Street Smarts for Global Business: a practical guidebook for global business executives
BookSurge Publishing (2008)
Reviewed by Olivera Baumgartner-Jackson for Reader Views (11/08)
Business dealings are complex even when you conduct them in your own country, but they can become positively overwhelming when you venture outside of your comfort zone and have to deal with foreign business people in their own countries. I am speaking from personal experience here, although the first foreign country I had to deal with in my own career was actually the United States. You can believe me that the American way of doing business was a real culture shock to this European.
That’s why I was truly glad to have found a really good, down-to-earth and practical guide in Rob Day’s “Street Smarts for Global Business.” There are a lot of things to be said for it, not the least of which is the very organized and approachable way all of the information therein is laid out for the reader. I have oftentimes found myself in a situation when I wanted to go back to a certain book for reference, but usually I found it really difficult to find the section I was interested in at the time. That’s where the outstanding Summaries at the end of each chapter come in. Coupled with the fantastic Global Business templates at the end of the book they would already be enough for me to highly recommend the book. When we add to this the great amount of truly practical, hands-on information; as well as the personal and oftentimes funny insights of the author, we clearly have a potential winner in our hands.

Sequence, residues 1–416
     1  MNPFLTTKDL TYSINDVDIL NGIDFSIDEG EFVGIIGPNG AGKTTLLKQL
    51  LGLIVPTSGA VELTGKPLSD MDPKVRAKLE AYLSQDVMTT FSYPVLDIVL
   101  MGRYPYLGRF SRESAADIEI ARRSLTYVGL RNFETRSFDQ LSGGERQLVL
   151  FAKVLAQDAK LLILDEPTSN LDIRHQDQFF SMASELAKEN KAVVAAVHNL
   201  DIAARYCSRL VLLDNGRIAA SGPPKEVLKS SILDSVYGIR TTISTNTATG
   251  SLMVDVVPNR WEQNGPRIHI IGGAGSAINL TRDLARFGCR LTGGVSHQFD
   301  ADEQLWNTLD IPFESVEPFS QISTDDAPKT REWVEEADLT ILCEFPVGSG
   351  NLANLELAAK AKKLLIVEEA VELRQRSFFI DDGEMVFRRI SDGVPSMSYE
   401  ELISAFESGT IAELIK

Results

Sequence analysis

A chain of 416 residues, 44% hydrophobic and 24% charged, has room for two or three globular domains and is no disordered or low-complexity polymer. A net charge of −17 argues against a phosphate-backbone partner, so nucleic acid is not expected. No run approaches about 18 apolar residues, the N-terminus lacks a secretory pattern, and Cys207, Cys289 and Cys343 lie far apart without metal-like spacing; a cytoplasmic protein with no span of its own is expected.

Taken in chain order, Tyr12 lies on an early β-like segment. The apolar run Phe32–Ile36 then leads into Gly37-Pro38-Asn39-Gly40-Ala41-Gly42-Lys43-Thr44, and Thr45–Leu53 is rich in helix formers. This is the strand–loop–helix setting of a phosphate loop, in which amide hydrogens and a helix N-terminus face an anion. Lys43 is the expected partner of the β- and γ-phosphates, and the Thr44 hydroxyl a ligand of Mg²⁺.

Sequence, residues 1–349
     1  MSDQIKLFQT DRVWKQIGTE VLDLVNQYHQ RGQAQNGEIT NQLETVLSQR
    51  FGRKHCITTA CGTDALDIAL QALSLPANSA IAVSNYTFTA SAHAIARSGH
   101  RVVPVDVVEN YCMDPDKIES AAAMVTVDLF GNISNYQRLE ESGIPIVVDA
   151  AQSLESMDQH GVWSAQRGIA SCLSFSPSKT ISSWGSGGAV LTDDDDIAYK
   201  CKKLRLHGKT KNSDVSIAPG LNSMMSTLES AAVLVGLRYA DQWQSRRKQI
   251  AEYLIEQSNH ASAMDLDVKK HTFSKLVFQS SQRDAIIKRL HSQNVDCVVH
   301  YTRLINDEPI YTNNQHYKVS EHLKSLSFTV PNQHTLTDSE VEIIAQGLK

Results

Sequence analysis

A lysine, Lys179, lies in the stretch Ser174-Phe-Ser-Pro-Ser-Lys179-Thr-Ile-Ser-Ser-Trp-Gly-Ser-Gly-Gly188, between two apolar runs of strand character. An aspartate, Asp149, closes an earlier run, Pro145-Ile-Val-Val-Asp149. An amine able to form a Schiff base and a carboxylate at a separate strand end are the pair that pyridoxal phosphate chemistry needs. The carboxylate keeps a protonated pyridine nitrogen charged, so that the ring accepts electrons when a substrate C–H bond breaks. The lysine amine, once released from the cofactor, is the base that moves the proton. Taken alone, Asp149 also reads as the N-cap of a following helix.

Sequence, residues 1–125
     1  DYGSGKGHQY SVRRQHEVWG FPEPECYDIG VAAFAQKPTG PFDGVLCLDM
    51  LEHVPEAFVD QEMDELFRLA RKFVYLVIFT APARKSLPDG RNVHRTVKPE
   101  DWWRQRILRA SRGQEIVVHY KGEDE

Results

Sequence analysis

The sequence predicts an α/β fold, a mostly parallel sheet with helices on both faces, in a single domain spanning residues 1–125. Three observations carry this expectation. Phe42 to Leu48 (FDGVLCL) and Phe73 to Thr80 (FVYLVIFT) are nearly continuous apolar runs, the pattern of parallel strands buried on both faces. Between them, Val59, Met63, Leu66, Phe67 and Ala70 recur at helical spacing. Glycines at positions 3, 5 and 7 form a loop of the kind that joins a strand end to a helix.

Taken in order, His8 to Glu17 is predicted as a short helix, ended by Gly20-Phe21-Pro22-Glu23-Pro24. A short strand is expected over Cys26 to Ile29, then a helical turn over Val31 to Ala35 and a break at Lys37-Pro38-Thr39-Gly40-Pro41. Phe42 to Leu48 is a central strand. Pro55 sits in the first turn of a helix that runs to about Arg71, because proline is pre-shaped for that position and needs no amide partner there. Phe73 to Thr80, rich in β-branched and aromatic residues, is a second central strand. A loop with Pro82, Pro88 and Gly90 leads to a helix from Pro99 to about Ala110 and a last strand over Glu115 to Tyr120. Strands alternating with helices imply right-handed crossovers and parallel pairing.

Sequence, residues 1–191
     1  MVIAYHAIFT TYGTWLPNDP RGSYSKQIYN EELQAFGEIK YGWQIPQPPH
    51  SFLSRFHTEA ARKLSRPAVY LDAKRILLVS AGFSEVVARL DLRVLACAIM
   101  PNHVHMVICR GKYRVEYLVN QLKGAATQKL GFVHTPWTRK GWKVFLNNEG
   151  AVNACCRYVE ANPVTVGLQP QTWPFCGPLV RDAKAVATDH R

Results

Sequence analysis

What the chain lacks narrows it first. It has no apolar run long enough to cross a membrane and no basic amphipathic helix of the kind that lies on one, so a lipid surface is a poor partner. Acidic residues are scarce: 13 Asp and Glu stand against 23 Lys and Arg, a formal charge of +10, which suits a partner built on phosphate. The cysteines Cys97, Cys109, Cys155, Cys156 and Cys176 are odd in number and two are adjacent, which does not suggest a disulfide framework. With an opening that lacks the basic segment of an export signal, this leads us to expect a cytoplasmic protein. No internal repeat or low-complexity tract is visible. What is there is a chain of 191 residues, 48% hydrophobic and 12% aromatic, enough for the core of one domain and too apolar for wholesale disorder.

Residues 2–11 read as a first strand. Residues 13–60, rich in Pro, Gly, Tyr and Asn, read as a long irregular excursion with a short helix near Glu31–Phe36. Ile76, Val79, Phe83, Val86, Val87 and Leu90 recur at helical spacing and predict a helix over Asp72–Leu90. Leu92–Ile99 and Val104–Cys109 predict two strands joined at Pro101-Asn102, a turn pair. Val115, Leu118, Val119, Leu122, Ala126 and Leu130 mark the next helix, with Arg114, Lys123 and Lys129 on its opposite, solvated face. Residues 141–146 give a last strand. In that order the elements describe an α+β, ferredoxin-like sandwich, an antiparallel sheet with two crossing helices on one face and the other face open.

I am sure you noticed the word “potential” in the previous sentence, which brings us to the elements that I found distracting and in some cases, just slightly disturbing. One of them was the clear lack of proofreading, most evident in the random punctuation used in the direct speech sections, as well as in some other areas; with my personal favorite being the placement of the apostrophe in the “Bill Gate’s” name – I guess being one of the richest people on this planet is not enough to insure the proper spelling of your name either… The second issue – some factual mistakes, such as talking about Czechoslovakia in a book published in 2008, when the two countries, Slovakia and CzechRepublic, separated back in 1993. And I am sure that the author is aware of the fact that people living in Central Europe are not big on being called Eastern Europeans, yet he does that more than once. Well, Western Europe did not fare much better, since one of the most famous streets in the world got renamed into Champs de lyses, and I am not sure that the French will ever forgive Rob Day for his opinion of foie gras. Even if the French were to forgive him, he’d still be in trouble, for calling expatriates ex-patriots. Most, if not all of those mistakes, should have been caught by a competent editor.
Overall I really liked the practical aspect of “Street Smarts for Global Business” as well as the invaluable examples and lessons of how to conduct business globally. With the world getting smaller every day, this is a book that should be read and referred to often by anybody who might ever be in the position of dealing with partners, investors or customers from another culture.